Results 1  10
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16
The Polynomial Method in Circuit Complexity
 In Proceedings of the 8th IEEE Structure in Complexity Theory Conference
, 1993
"... The representation of functions as lowdegree polynomials over various rings has provided many insights in the theory of smalldepth circuits. We survey some of the closure properties, upper bounds, and lower bounds obtained via this approach. 1. Introduction There is a long history of using polyno ..."
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Cited by 68 (4 self)
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The representation of functions as lowdegree polynomials over various rings has provided many insights in the theory of smalldepth circuits. We survey some of the closure properties, upper bounds, and lower bounds obtained via this approach. 1. Introduction There is a long history of using polynomials in order to prove complexity bounds. Minsky and Papert [39] used polynomials to prove early lower bounds on the order of perceptrons. Razborov [46] and Smolensky [49] used them to prove lower bounds on the size of ANDOR circuits. Other lower bounds via polynomials are due to [50, 4, 10, 51, 9, 55]. Paturi and Saks [44] discovered that rational functions could be used for lower bounds on the size of threshold circuits. Toda [53] used polynomials to prove upper bounds on the power of the polynomial hierarchy. This led to a series of upper bounds on the power of the polynomial hierarchy [54, 52], AC 0 [2, 3, 52, 19], and ACC [58, 20, 30, 37], and related classes [21, 42]. Beigel and Gi...
Simulating Threshold Circuits by Majority Circuits
 SIAM Journal on Computing
, 1994
"... We prove that a single threshold gate with arbitrary weights can be simulated by an explicit polynomialsize depth 2 majority circuit. In general we show that a depth d threshold circuit can be simulated uniformly by a majority circuit of depth d + 1. Goldmann, Hastad, and Razborov showed in [10 ..."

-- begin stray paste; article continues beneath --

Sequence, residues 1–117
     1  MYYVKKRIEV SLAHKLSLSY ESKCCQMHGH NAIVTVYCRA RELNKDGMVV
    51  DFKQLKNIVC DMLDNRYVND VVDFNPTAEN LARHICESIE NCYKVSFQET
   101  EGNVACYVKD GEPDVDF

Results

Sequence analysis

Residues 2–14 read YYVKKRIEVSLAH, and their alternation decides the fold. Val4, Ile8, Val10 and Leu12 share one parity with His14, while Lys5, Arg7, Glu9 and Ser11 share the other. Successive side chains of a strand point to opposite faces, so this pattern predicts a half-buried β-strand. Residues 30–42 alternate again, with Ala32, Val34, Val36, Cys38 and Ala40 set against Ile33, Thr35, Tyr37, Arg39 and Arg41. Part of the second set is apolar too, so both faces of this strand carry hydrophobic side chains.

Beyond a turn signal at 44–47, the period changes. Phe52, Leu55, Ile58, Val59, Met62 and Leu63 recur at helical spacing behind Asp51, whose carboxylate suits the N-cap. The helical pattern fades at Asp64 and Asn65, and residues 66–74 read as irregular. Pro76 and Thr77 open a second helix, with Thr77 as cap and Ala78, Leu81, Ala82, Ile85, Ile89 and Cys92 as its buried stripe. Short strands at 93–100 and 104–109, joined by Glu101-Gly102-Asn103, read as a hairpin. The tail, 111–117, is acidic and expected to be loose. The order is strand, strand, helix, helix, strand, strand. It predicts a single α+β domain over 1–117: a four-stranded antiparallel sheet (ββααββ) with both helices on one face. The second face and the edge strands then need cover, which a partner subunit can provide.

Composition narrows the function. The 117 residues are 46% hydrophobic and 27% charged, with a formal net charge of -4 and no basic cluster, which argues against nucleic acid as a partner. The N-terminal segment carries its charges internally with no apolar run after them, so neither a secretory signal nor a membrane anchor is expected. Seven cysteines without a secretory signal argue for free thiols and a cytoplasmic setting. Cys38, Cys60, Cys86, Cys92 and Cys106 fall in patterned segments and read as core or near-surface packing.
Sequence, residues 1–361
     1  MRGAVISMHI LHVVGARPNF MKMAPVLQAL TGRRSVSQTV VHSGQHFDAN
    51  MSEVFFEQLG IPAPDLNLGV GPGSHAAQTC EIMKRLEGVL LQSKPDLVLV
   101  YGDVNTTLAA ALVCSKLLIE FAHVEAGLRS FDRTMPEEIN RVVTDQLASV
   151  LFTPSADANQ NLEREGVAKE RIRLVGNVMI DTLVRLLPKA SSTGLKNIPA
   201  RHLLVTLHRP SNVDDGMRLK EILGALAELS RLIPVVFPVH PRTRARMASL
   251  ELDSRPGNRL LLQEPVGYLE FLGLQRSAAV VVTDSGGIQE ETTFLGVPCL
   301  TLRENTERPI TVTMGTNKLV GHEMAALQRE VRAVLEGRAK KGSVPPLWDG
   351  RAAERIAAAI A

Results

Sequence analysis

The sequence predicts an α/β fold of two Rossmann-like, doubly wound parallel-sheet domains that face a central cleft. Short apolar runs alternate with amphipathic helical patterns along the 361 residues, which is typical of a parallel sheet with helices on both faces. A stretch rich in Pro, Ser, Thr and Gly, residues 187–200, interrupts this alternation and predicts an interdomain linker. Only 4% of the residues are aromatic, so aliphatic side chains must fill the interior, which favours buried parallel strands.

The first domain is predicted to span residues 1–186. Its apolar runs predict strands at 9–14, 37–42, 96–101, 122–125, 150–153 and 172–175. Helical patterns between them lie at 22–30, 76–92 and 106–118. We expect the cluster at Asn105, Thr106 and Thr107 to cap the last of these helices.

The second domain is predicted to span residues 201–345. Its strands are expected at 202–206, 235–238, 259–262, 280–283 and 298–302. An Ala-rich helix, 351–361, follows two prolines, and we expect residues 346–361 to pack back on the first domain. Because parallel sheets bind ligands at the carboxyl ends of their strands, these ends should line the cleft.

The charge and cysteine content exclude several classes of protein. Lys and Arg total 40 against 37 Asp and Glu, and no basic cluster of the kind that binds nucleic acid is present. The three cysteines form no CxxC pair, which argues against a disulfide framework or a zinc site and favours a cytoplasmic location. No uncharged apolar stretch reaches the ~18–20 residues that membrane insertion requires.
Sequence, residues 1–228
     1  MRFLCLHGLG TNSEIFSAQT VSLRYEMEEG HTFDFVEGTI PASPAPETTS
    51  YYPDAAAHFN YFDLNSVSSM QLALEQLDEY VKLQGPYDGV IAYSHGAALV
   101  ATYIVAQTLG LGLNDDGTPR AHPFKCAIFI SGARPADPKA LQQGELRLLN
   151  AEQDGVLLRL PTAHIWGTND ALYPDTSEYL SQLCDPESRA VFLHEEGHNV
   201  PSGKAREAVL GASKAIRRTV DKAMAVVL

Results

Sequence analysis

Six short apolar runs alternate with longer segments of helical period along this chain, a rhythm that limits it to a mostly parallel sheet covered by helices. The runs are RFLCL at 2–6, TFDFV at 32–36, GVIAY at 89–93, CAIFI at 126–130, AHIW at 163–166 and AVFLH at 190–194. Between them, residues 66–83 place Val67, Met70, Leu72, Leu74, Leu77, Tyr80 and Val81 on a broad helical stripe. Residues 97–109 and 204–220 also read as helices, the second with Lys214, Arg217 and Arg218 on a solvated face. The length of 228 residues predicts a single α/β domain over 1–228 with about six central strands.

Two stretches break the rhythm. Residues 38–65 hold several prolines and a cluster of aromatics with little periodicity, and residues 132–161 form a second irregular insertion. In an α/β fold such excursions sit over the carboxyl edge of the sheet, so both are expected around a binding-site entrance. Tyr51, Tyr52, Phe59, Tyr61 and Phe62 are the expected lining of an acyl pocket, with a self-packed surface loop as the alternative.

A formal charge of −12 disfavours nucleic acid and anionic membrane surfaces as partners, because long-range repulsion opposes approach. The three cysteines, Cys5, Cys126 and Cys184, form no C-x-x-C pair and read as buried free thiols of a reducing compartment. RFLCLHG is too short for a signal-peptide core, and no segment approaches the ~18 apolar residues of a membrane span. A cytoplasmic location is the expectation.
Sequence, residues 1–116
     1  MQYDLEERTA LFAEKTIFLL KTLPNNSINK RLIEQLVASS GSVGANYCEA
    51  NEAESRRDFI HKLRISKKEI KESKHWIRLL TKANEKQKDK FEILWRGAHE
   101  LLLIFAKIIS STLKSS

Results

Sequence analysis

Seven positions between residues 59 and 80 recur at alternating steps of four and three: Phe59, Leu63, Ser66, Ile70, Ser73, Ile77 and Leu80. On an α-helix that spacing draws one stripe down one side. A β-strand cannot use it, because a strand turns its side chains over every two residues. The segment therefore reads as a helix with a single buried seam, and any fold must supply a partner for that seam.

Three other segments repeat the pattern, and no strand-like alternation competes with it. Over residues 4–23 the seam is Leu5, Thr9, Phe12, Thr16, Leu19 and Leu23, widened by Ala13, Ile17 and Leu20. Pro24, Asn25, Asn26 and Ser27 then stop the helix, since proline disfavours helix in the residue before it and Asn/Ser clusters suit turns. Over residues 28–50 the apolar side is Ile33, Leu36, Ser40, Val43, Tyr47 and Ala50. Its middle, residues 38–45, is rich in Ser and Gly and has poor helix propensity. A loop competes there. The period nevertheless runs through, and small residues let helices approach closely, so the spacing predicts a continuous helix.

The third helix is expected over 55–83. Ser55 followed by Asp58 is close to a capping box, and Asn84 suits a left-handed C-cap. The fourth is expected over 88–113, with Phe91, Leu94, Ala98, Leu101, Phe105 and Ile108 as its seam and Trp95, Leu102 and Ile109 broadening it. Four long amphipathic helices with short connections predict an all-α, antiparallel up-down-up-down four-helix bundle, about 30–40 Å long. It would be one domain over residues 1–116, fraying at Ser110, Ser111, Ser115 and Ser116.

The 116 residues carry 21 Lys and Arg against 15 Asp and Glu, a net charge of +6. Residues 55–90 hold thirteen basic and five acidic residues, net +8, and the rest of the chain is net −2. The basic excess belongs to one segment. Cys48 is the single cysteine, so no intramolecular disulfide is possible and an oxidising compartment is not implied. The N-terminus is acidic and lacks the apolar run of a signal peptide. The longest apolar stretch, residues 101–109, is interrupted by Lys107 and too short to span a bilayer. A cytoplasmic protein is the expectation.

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Cited by 37 (0 self)
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We prove that a single threshold gate with arbitrary weights can be simulated by an explicit polynomialsize depth 2 majority circuit. In general we show that a depth d threshold circuit can be simulated uniformly by a majority circuit of depth d + 1. Goldmann, Hastad, and Razborov showed in [10] that a nonuniform simulation exists. Our construction answers two open questions posed in [10]: we give an explicit construction whereas [10] uses a randomized existence argument, and we show that such a simulation is possible even if the depth d grows with the number of variables n (the simulation in [10] gives polynomialsize circuits only when d is constant). 1 A preliminary version of this paper appeared in Proc. 25th ACM STOC (1993), pp. 551560. 2 Laboratory for Computer Science, MIT, Cambridge MA 02139, Email: migo@theory.lcs.mit.edu. This author 's work was done at Royal Institute of Technology in Stockholm, and while visiting the University of Bonn 3 Department of Com...